the vowels in general, the vari-
ous rules applied to nouns, pro-
nouns and verbs; conjugations,
defective verbs, deponent verbs
and the nominative principle.
It ends there, with a portion of
the original compendium miss-
ing.

Four Major American Life
Insurance Companies Finance
Immigrant Housing in Israel
Four major American Life
Insurance Companies have sign-
ed an agreement with the Jew-
ish Agency for Israel, Inc.,
which will facilitate the con-
struction of homes for over
8,000 immigrants expected to
arrive in Israel in 1963. The
four participating companies
are: Penn Mutual Life Insur-
ance Co. of Philadelphia, Massa-
chusetts Mutual Life Insurance
Co. of Springfield, Mass., State
Mutual Life Assurance Co. of
America, Worcester, Mass., and
Phoenix Mutual Life Insurance
Co., Hartford, Conn.
On the strength of this agree-
ment, United Associates, Inc., a
new corporation formed by
Jack D. Weiler and Benjamin
H. Swig, will finance the con-
struction of 2,000 immigrant
housing units throughout Israel
ranging from Safad in the North
Spinoza's Hebrew Grammar to Ashdot in the South. United
in an English Translation Associates will invest $10 mil-
Towards the end of his brief lion in the financing of these
life, "Out of his love for and units.
appreciation of the Hebrew
The baby hippopotamus
language, and also to demon-
strate to his friends and disci- weighs about 100 pounds at
ples the beauty and majesty of birth and can swim before it
this language and its superiority can walk.
over other tongues," Baruch
Spinoza began to write his
"Compendium Grammatices Lin-
guae Hebraeae."
The story back of this work
is revealed in "Hebrew Gram-
mar" by Spinoza, in its English
text, edited and translated by
Rabbi Maurice J. Bloom, pub-
lished by Philosophical Library
(15 E. 40th, NY16).
In his introduction, Dr.
Bloom tells about the appear-
ance of Spinoza's best Latin
edition of–his Short Hebrew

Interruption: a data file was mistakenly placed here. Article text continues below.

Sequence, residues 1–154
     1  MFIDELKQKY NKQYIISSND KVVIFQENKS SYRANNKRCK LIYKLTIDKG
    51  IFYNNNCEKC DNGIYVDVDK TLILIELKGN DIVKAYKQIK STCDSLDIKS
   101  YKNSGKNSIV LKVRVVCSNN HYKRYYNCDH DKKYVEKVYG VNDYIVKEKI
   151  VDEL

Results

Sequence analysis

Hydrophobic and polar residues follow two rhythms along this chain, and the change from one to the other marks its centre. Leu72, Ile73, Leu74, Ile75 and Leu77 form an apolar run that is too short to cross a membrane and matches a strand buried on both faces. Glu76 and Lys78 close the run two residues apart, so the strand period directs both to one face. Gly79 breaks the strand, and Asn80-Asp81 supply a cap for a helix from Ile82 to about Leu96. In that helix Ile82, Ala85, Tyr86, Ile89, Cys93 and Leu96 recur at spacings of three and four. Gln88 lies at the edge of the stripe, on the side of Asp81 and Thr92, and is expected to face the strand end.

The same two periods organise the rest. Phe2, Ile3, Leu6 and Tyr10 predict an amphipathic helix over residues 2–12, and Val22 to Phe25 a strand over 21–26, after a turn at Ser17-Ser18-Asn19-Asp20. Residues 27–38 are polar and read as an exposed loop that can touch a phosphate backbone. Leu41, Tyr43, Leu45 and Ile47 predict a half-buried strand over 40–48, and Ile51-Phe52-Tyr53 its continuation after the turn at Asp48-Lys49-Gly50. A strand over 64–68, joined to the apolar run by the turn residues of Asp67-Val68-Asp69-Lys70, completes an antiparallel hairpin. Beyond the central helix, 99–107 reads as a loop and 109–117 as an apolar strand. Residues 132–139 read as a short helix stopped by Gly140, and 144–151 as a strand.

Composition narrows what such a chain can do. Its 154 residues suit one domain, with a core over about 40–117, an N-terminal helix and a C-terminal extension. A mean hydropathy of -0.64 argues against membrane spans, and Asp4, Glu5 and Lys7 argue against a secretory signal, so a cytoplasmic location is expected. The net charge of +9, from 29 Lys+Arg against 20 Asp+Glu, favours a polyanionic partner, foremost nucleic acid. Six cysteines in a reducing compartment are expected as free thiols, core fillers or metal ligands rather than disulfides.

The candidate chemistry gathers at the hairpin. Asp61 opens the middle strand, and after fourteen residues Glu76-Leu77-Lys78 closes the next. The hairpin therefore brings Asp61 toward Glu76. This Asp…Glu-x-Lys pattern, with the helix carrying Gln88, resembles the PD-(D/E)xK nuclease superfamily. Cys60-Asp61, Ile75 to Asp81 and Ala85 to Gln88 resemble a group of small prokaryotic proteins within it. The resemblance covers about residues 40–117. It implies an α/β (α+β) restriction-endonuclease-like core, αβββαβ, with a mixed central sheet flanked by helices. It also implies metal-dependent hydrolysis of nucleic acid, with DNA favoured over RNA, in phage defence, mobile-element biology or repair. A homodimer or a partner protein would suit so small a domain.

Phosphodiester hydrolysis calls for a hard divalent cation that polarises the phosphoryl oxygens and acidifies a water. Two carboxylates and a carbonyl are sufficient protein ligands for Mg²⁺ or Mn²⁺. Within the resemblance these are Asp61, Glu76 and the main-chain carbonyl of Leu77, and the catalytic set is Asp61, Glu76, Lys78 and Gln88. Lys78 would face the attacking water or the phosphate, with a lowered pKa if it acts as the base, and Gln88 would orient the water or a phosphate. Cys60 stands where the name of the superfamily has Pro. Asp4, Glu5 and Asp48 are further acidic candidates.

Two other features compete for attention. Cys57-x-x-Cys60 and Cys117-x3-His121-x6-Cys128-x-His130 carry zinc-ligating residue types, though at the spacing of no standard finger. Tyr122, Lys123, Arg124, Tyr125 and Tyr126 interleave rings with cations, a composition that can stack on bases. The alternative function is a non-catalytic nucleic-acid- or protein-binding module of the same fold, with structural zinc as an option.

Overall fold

Grammar at The Hague in
1883, and quotes from an "Ad-
monition to the Reader"
which stated that "the author
undertook to write at the re-
quest of certain of his friends
who were diligently studying
the Sacred Tongue, inasmuch
as they recognized him right-
ly as one who had been
steeped in it from his earliest
youth . . ."
We also are informed by the

,

Colorado House Votes Down Sunday Blue Law

DENVER, (JTA) — A pro-
posed state blue law that would
have banned nearly all retail
sales in Colorado on Sundays
was defeated overwhelmingly
in a committee of the State
House of Representatives here
after many sections of the
population, including lab o r,
Jewish and Seventh Day Ad-
ventist organizations, had op-
posed the bill.
The opponents of the draft
measure, including many who
were against it on grounds of
religious observance of Satur-
day as the Sabbath, turned out
en masse to protest against the
bill before the House Business
Affairs Committee.
The committee voted 7-0 to
table the proposal indefinitely;
two members of the nine-man

committee abstaining. The ef-
fect of the proposed measure
would have been to close down
virtually all businesses on Sun-
days, regardless of whether the
owners kept their stores closed
on Saturday.